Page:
The AI Era Requires a Reskilling Revolution

How to prepare your company and employees for what lies ahead

Artificial intelligence (AI) technologies are on the rise and have already had a positive impact on work: They have reduced repetition and improved efficiency. Almost every sector across the globe is looking to leverage AI in some manner or has already implemented it into their business model. The benefits of AI for business are endless, from enabling a better understanding of customers’ preferences and requirements to increasing efficiency and productivity, helping CEOs and staff make better decisions, and curbing costs. It is also crucial that businesses implement AI to stay competitive in today’s fast-paced world. 

According to research from Goldman Sachs, AI is expected to make 300 million jobs redundant over the coming years. It’s not all doom and gloom, though; AI could generate 97 million new positions. Despite the immense opportunities that will be created by AI, there may not be enough talent to fill these new roles.

We desperately need to address this skills gap, and there are several ways we can do that. One way to ensure that AI skills are adopted among future workers is to make AI a critical part of the information technology curriculum in schools. However, employers should also offer staff an opportunity to develop AI skills. 

Organizations must provide significant resources for upskilling their teams, and employees should take personal responsibility for their career development as AI expands and grows in numerous sectors, from entertainment to health care, in areas spanning natural language processing, deep learning, and robotic process automation.

The talent pool for these skills is currently limited—and, for that reason, in very high demand. This demand goes further than the IT department. The strongest demand for AI skills is coming from other business departments such as sales, finance, customer service, research, marketing, and business development.

Most of the current workforce remains unfamiliar with AI technologies. This is largely due to how new it is and how quickly it has grown, but also down to misconceptions and apprehensions. A portion of the workers who do not know much about AI likely are hesitant to learn due to fears surrounding losing their jobs to AI. 

Misconceptions about AI must be addressed. We also need to broaden the pool of available talent by improving diversity in AI. This will result in better work because people with different perspectives and experiences are necessary to come up with diverse solutions. Promoting inclusivity will be key to addressing the skills gap and ensuring access to AI education for all demographics across the workforce. It is also important to note that we must work to eliminate any racial or gender biases in AI studies, as these act as limitations and barriers to employees embracing AI.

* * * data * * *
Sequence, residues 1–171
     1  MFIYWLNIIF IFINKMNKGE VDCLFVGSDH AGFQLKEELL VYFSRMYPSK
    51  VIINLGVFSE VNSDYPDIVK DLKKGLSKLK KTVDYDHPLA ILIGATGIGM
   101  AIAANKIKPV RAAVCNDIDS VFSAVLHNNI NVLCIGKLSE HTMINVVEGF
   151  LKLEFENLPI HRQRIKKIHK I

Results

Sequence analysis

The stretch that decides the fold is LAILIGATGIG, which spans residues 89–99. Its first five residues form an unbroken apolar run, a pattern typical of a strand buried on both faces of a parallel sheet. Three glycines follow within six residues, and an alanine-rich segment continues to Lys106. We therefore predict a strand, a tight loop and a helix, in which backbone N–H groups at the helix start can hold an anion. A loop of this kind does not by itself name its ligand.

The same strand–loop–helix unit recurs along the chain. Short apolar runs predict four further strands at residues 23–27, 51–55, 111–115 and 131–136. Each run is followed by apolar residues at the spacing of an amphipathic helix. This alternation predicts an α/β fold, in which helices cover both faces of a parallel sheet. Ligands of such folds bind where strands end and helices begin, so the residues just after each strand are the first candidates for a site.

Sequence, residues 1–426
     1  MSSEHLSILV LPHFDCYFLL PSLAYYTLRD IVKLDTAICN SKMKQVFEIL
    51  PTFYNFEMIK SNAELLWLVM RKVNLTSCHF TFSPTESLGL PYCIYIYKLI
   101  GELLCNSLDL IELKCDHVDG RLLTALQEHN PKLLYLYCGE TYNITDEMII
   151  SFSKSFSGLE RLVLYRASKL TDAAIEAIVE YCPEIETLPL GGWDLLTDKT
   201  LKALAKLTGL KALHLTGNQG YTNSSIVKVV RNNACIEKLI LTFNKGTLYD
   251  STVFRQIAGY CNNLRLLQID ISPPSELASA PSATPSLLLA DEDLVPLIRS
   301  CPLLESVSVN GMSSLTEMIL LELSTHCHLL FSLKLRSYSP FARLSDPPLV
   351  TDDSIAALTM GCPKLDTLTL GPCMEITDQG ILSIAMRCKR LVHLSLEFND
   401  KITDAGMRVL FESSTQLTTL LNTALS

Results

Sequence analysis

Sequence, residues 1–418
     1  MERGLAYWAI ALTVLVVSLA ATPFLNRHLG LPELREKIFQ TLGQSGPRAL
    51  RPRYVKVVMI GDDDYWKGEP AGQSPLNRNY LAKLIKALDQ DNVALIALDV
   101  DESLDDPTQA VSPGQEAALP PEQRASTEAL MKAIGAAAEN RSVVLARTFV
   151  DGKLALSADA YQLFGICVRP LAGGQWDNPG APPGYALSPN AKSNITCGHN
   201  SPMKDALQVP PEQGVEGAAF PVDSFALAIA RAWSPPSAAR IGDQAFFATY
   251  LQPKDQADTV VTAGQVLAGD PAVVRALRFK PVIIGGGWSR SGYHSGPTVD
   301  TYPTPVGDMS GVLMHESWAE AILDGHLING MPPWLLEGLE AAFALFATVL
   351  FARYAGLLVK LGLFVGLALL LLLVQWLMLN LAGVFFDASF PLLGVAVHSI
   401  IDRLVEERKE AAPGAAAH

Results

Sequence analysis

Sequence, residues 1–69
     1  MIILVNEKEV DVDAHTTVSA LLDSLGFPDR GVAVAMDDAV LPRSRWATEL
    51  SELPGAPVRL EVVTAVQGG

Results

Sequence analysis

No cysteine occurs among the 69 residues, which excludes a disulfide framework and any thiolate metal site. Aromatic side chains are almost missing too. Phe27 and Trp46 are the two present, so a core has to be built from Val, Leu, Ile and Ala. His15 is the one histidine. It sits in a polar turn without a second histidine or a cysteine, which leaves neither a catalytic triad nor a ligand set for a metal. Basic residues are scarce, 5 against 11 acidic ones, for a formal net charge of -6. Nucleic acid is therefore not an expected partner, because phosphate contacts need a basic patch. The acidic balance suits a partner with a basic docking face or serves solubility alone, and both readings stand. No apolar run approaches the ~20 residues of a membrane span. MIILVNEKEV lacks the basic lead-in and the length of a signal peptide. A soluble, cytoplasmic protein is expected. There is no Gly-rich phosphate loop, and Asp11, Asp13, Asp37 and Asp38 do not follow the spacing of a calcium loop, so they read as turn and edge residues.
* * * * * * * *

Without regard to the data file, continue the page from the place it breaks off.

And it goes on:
Addressing the AI gap is all about cultivating AI talent from the ground up, integrating AI into curriculums, and offering courses to employees in AI disciplines including neural networks, data science, and machine learning. Employers should also promote interdisciplinary studies whereby AI merges with other fields such as arts, biology, or social sciences.

Ultimately, to adequately address the AI skills gap, employees need real-world exposure to these technologies. Organizations can join forces with tech companies via partnerships for various projects and internships. They can also get their teams involved in AI-based hackathons and competitions. 

Employers will play a significant role in this process as they will have to be the ones to invest in such training programs and have their teams undergo AI workshops and courses. Businesses can also forge partnerships with ed-tech platforms that are already providing these educational programs. 

Most of these platforms offer programs that can be completed remotely from anywhere in the world, increasing accessibility and promoting inclusivity at the highest level. It is crucial to remember that these steps may be daunting for employees and, for that reason, they should be recognized and rewarded for their efforts, as gaining these skills will greatly assist the companies they work for.

As technology is constantly advancing and evolving, employees must remain up-to-date. This not only helps them better serve the business they currently work for but also gives them skills they can bring into their professional portfolio.

Another way employers can support the adoption of these essential skills is by evaluating the company’s tech stack and practices and adapting them to allow for reskilling among employees.

Self-paced learning can also play a vital role in driving the AI-reskilling revolution. Online platforms like Udemy, Coursera, and Khan Academy already offer high-quality AI courses. AI communities, forums, and hands-on projects can support employees in gaining essential AI skills. Ultimately, both employers and employees must adopt a continuous-learning mindset. employers and employees must prioritize frequently updating their skills and knowledge. AI 

The tech landscape will always evolve—and the learning journey should evolve with it. Both can be transformative for just about any part of a business. For companies to tap into its transformative potential, they must help their employees become AI literate. The acceleration of this technology is inescapable, and the more businesses help their teams gain AI skills, the more opportunities they will have to harness its power. The bottom line is that improving AI skills is a win-win for both employers and employees.

Daniele Servadei is the CEO of Sellix, a universal payment experience that streamlines digital payments once and for all across cryptos and FIATs.